Various Artists
Wolf Records

The Story of Piano Blues CD coverOh, what I wouldn’t give to have the opportunity to go through the recorded archives of some of the record labels offering blues music. Take the German label Wolf Records for example. They consistently come up with releases of some very obscure or lost recordings of both well-known and overlooked musicians, including some never heard before tracks or out-of-print albums that deserve to be heard once again. They have covered artists like Magic Slim, John Primer, Detroit Junior and many others over the years and sometimes put out compilations that are flat out superb. Their latest release is one of those compilations, gathering ten blues pianists offering solo and groupings in both live and studio takes on a disc titled The Story Of Piano Blues: From The Country To The City.

Opening with one of the blues most beloved artists, Pinetop Perkins, the feel of these songs take you to the sporting houses to the levee and turpentine camps to the smoky clubs and juke joints. Though the tracks all have similar sounds, each of the artists included place their own personal embellishments on the how they approach the keys. Well know players like Perkins, Detroit Junior and Henry Gray are placed with those who should’ve gained more recognition such as James Crutchfield, Big Joe Duskin and Boogaloo Ames (best known as the mentor of Eden Brent).  Chicago and Memphis piano is both well represented, with the latter being showcased by Booker T. Laury and Mose Vinson, and we also receive glimpses of rural Louisiana and Mississippi and city players, too.

This is a collection that is filled with boogie and piano rolls that will make any fan of blues piano smile wider with each successive track. Sound quality is outstanding and the selections are both familiar and not so well recognized, but all are enjoyable and will have your fingers tapping along. This historical take on piano as front piece is an important acknowledgement of how the instrument played a vital role in the development of the genre. And as with any Wolf release, the liner notes are filled with detail about each of the artists. With well over an hour’s worth of music, this is a well done project that makes you wonder just how much more Wolf has sitting in their vaults. If they’re anything like The Story Of  Piano Blues, I am highly anticipating what will come next.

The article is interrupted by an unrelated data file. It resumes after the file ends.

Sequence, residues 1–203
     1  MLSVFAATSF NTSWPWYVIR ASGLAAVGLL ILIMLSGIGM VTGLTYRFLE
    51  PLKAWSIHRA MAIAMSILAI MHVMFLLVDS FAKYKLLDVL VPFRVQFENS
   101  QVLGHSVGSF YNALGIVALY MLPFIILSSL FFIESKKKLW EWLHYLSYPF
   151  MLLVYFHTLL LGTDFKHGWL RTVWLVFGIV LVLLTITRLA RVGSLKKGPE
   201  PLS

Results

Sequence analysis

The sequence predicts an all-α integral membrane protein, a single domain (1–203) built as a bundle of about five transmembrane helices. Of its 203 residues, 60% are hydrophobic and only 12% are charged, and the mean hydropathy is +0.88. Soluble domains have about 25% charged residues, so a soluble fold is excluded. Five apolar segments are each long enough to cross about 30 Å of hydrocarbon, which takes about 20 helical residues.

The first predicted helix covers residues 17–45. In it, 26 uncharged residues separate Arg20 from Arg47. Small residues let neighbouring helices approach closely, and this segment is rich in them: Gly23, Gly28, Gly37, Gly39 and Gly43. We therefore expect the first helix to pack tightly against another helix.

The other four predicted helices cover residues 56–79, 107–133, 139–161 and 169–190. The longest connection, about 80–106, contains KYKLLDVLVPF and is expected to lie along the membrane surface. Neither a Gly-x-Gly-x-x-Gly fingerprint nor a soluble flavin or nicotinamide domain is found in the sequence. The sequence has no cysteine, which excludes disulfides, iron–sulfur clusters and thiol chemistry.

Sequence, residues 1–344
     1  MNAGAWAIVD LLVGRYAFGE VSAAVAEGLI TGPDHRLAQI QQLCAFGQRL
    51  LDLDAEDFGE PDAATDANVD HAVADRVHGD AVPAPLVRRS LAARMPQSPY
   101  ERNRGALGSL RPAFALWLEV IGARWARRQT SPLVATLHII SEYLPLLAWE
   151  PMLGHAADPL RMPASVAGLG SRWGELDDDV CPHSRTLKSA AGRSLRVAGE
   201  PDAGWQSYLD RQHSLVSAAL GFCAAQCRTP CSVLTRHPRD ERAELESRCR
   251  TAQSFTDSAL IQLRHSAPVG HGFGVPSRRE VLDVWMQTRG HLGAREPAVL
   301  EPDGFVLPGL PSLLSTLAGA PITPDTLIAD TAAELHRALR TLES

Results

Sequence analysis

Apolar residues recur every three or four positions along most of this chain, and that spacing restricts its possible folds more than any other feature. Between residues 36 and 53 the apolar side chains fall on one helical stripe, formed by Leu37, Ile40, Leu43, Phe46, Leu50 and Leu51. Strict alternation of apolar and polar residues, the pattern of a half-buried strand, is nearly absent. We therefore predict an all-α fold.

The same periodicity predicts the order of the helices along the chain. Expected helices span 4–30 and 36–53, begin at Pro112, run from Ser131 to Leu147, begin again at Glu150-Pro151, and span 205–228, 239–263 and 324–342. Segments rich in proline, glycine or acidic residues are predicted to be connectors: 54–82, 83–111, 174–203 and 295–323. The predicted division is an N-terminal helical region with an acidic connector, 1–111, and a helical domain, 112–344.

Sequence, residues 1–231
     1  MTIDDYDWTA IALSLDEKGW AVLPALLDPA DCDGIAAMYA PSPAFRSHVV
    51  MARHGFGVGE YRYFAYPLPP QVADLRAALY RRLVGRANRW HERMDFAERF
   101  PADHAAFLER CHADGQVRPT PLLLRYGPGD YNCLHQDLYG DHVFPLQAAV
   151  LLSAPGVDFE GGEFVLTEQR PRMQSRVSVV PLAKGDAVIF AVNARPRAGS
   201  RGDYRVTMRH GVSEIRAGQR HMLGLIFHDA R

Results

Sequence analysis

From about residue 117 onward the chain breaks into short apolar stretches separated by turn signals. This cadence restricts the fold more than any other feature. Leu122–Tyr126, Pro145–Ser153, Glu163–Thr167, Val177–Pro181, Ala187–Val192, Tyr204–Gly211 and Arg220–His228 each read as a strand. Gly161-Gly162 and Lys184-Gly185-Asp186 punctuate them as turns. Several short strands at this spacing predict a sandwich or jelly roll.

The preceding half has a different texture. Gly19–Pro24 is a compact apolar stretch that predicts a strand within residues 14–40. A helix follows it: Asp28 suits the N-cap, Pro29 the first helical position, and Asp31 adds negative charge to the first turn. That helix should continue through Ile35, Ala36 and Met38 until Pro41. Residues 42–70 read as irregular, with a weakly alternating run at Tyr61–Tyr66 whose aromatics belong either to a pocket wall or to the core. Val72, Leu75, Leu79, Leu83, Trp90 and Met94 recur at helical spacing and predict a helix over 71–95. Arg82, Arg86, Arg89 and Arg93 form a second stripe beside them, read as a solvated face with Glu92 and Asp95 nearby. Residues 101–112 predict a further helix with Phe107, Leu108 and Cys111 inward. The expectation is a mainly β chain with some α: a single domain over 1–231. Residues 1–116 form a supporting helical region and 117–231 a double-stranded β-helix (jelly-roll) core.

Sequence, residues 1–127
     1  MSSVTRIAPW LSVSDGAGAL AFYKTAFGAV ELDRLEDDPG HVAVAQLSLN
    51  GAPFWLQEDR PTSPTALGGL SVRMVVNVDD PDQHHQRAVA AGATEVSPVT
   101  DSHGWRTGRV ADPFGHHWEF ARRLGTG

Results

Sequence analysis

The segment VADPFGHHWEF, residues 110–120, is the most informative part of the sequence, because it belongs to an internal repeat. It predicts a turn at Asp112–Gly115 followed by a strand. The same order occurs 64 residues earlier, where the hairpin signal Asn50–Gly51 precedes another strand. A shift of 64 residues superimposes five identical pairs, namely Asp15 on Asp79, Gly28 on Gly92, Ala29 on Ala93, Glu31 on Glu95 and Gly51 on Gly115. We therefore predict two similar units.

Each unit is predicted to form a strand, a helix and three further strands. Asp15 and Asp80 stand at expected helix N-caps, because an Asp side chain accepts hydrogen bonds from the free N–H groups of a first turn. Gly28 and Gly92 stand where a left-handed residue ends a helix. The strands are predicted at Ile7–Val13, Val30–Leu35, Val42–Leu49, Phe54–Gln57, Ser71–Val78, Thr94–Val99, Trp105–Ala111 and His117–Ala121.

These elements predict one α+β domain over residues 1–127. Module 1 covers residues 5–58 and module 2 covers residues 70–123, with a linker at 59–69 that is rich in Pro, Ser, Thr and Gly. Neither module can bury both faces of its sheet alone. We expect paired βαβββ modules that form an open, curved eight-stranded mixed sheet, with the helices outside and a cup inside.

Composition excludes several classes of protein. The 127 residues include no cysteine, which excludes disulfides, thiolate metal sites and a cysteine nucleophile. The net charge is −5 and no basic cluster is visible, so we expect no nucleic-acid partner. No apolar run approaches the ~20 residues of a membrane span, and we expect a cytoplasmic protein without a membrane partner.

Total Time: 75:02

Five Long Years / Cold Chills / Sittin’ On Top Of The World / Tommy Dorsey’s Boogie Woogie / Come On Get Your Morning Exercise / Everyday I Have The Blues / The Cows / Blues Won’t Let Me Rest / After Hours / Good Morning Memphis / If You Want To Be My Woman / Kansas City / Big Legged Woman / When My First Wife Left Me / Kidney Stew / Key To The Highway / I Had Lots Of Troubles / You Can Go Your Own Way / Call My Job